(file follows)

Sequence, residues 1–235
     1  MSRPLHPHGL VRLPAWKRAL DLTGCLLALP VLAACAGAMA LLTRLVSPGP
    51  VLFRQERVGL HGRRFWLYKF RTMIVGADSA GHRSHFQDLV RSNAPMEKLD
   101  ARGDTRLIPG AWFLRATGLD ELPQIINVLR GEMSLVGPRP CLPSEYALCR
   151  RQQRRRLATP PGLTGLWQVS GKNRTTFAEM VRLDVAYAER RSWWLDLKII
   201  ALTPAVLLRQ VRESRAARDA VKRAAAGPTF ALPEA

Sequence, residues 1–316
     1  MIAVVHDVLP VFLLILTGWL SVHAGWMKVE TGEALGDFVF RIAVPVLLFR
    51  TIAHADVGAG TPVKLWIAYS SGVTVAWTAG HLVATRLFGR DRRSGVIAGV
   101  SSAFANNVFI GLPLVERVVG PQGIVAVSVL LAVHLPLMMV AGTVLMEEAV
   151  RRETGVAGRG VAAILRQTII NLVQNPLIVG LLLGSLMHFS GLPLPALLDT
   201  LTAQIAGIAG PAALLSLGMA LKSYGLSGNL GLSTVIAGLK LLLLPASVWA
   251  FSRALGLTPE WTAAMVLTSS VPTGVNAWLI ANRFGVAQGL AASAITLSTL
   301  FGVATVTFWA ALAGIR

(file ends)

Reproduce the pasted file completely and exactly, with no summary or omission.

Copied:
Sequence, residues 1–235
     1  MSRPLHPHGL VRLPAWKRAL DLTGCLLALP VLAACAGAMA LLTRLVSPGP
    51  VLFRQERVGL HGRRFWLYKF RTMIVGADSA GHRSHFQDLV RSNAPMEKLD
   101  ARGDTRLIPG AWFLRATGLD ELPQIINVLR GEMSLVGPRP CLPSEYALCR
   151  RQQRRRLATP PGLTGLWQVS GKNRTTFAEM VRLDVAYAER RSWWLDLKII
   201  ALTPAVLLRQ VRESRAARDA VKRAAAGPTF ALPEA

Sequence, residues 1–316
     1  MIAVVHDVLP VFLLILTGWL SVHAGWMKVE TGEALGDFVF RIAVPVLLFR
    51  TIAHADVGAG TPVKLWIAYS SGVTVAWTAG HLVATRLFGR DRRSGVIAGV
   101  SSAFANNVFI GLPLVERVVG PQGIVAVSVL LAVHLPLMMV AGTVLMEEAV
   151  RRETGVAGRG VAAILRQTII NLVQNPLIVG LLLGSLMHFS GLPLPALLDT
   201  LTAQIAGIAG PAALLSLGMA LKSYGLSGNL GLSTVIAGLK LLLLPASVWA
   251  FSRALGLTPE WTAAMVLTSS VPTGVNAWLI ANRFGVAQGL AASAITLSTL
   301  FGVATVTFWA ALAGIR